ON & OFF THE BEATEN PATH :: 2012 Holiday Brews in Review

by David Daugherty on January 17, 2013

Ed: While Dave was planning on doing some Holiday Beer posts during the holidays, Holidays got in the way of Work, Life got in the way of Work, Flu got in the way of Work, and Work got in the way of… this piece. That said, Dave alway provides some good insights and fun details, so here we go.

After going through an array of holiday beers from Thanksgiving through Christmas, there are 2 that really struck me as holiday worthy. One is on top of my recent favorite beers list, and the other, an old favorite. Let’s start with the newby.

Jolly Pumpkin Noel de Calabaza Special Ale

I was glad to see that Jolly Pumpkin was available here in Phoenix.  I had a number of their beers while living in Ohio, the opportunity to visit their brew pub in Ann Arbor Michigan and, I have to say, their style is unique.

courtesy of guysdrinkingbeer.com

courtesy of guysdrinkingbeer.com

Everything I have tasted from Jolly Pumpkin has been sour, tart, or both.  I sat on this 750ml bottle for a year and the pour from the bottle into the pint glass was predictably crazy.  The light brown head of highly active carbonation rocketed immediately to the top of the glass leaving only about an eighth of an inch of beer on the bottom.  I waited more than 5 minutes for the beer to level out yet there were only about 2 fingers of the deep reddish liquid showing.  I poured a little more into the glass and waited another 5 minutes.  The head took on the look of the foam you get from a root beer float!  Finally, able to smell and taste after the beer settled down and had a chance to warm up a bit, I have to say I was impressed.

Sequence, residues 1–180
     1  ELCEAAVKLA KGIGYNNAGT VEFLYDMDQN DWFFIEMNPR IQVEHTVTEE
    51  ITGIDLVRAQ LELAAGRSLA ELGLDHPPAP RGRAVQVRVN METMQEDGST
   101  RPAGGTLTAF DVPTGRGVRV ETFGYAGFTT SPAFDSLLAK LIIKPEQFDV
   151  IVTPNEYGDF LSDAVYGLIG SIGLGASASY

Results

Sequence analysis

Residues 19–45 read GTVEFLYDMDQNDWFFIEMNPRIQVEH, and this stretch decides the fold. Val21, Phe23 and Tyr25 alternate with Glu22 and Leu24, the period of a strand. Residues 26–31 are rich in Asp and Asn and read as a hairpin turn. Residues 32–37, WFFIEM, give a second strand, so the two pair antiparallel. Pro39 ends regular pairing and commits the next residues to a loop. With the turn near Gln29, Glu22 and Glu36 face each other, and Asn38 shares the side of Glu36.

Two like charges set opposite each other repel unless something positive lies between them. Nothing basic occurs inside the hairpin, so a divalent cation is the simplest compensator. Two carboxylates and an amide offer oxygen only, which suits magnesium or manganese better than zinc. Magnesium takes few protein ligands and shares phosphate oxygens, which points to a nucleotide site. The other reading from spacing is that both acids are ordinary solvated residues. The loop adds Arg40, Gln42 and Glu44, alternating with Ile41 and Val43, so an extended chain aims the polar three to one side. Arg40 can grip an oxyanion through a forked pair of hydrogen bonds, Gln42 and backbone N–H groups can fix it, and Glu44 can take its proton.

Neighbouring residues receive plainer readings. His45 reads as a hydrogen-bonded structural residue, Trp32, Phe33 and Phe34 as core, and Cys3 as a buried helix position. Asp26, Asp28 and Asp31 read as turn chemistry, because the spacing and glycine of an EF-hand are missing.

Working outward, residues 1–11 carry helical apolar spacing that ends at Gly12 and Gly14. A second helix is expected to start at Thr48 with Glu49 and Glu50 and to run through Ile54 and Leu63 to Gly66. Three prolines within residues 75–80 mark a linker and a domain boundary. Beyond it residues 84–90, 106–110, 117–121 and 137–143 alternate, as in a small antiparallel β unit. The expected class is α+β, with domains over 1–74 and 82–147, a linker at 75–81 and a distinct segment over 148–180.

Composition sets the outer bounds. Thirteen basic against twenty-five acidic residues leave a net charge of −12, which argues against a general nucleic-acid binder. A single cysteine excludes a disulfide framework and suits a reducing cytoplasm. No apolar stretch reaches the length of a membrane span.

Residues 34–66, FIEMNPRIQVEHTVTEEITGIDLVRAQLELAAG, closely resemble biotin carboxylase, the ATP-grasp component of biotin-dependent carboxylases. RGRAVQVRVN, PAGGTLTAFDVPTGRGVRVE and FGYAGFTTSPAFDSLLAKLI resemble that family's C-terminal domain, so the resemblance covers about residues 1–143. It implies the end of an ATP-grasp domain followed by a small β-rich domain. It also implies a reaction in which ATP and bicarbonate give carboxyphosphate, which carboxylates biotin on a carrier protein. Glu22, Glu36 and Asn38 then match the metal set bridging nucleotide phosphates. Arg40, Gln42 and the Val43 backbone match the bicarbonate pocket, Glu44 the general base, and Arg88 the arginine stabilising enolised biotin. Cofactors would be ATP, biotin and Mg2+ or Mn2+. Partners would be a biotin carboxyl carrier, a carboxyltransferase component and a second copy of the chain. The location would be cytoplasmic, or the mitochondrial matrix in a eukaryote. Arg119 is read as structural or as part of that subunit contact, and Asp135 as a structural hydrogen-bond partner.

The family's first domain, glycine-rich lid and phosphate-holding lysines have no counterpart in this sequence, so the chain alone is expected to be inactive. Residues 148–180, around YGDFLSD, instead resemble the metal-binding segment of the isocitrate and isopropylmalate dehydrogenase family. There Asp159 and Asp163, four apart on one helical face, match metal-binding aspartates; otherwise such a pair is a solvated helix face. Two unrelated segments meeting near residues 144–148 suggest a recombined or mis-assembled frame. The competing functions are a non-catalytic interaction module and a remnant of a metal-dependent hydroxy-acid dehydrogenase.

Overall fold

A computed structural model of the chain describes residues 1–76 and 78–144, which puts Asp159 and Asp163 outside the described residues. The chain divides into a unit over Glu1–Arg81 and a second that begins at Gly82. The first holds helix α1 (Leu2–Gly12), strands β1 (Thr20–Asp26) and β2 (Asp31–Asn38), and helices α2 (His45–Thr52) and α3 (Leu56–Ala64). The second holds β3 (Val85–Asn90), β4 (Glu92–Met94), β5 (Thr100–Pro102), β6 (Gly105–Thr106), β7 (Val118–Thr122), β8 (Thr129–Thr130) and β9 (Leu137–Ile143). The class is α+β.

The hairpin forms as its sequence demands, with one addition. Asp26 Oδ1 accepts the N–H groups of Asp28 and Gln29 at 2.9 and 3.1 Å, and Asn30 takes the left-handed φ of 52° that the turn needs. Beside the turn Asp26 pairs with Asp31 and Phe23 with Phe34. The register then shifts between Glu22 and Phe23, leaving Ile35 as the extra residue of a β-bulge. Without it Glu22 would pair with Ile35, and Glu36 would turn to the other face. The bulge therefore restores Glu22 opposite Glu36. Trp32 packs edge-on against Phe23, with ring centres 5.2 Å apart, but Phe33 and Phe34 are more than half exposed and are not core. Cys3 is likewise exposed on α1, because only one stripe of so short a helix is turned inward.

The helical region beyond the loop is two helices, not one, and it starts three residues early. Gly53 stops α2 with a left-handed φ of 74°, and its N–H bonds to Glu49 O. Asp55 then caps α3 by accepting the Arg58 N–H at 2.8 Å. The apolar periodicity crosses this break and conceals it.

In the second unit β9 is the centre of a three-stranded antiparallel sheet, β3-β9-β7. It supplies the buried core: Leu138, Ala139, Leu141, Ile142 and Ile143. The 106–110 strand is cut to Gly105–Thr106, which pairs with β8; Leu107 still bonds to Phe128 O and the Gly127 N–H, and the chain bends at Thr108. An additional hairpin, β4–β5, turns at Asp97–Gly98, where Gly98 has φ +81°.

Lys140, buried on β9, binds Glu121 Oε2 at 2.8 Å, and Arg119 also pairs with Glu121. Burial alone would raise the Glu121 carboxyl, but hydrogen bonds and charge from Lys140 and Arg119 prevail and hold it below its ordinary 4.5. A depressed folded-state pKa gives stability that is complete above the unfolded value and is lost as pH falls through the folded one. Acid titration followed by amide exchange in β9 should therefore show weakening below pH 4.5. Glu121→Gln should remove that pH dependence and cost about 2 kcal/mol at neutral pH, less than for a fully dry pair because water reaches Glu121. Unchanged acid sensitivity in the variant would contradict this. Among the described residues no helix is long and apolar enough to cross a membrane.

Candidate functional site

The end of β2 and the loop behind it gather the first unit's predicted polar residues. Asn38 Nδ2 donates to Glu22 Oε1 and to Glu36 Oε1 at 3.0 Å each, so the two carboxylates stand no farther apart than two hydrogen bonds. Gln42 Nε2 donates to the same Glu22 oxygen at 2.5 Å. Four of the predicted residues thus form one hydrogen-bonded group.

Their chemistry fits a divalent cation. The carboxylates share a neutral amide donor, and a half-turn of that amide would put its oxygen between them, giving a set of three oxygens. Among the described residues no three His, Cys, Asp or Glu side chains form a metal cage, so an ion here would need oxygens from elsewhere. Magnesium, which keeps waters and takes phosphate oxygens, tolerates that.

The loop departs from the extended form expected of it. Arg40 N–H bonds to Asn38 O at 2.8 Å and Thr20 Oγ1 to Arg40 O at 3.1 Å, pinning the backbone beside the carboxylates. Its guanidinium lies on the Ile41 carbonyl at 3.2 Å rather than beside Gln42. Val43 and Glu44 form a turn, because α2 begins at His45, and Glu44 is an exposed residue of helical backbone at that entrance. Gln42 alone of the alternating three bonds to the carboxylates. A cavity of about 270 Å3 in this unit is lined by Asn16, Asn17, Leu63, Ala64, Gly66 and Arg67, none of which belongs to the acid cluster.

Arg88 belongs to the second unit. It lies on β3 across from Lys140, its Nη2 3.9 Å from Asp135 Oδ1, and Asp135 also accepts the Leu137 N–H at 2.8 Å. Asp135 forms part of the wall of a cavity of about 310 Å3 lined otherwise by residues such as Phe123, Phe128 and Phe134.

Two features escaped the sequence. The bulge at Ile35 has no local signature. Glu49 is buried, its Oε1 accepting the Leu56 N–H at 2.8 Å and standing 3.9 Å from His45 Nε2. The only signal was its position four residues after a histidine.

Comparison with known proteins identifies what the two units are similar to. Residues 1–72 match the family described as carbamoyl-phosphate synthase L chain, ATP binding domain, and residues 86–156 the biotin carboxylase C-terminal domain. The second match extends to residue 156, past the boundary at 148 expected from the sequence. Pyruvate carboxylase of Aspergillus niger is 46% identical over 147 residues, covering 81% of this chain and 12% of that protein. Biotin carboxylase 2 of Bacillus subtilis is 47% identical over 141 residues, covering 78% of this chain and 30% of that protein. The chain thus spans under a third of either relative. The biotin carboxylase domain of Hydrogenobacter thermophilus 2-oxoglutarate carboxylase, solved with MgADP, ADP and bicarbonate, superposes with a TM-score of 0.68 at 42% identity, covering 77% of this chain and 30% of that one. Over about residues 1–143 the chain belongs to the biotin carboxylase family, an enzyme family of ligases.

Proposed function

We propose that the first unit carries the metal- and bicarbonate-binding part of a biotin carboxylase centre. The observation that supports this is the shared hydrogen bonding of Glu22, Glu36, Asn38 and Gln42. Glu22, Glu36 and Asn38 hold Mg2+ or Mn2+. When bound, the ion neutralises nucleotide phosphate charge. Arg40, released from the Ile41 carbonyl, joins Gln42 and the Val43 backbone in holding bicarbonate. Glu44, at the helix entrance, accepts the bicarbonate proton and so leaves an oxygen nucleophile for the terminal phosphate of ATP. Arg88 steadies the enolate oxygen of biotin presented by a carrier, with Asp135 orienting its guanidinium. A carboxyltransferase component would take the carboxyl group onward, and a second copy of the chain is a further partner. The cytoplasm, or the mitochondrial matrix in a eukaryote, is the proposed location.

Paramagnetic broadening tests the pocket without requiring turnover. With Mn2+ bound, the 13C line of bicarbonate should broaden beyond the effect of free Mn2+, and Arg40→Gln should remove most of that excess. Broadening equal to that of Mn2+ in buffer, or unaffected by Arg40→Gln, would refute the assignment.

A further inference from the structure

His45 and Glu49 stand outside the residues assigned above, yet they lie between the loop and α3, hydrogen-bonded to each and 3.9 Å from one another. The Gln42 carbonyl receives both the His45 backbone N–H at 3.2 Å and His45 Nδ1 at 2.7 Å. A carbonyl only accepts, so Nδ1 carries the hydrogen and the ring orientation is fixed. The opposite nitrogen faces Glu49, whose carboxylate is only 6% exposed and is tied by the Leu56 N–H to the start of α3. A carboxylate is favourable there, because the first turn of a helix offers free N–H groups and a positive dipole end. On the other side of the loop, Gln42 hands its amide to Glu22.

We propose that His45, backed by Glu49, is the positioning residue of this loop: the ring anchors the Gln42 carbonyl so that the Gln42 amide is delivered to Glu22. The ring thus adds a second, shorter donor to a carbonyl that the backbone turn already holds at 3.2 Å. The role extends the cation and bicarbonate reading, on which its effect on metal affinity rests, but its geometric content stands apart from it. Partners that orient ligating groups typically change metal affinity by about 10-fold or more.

Noel comes in tart to the nose and mouth,  by no means a bad thing.  The aroma may be tart but dark fruits such as plums and figs arise with it.  The mouth feel is definitely tart from the beginning but levels out into a dark malt flavor.  There is an alcohol taste that comes through late but I would expect that considering Noel comes in at 9% ABV.  Like Jolly Pumpkin’s Bam Noire , one I also immensely like, this style isn’t for everyone.

We here at YBN have been tasting beer for quite a while now and realize one thing.  You need to have as open mind as the brewers themselves when it comes to beer tasting.  I give this holiday treat a tremendous round of applause. Jolly Pumpkin is dedicated to old world craftsmanship, using open fermentation, oak barrel aging and bottle conditioning,  yet maintaining a real imagination when it comes to their line. Released as a seasonal beer in December, I look forward to next Christmas to enjoy the next generation of this offering.

Anchor Brewing Merry Christmas Happy New Year 2012

christmas-bioNow for the old favorite, a winter warmer that does just that.  I look forward to this every year because it’s also a unique brew.  For the past 38 years, Anchor has brewed this holiday favorite with just one…
BIG difference:  The recipe is different every year as is the label, which features a different pine tree each year.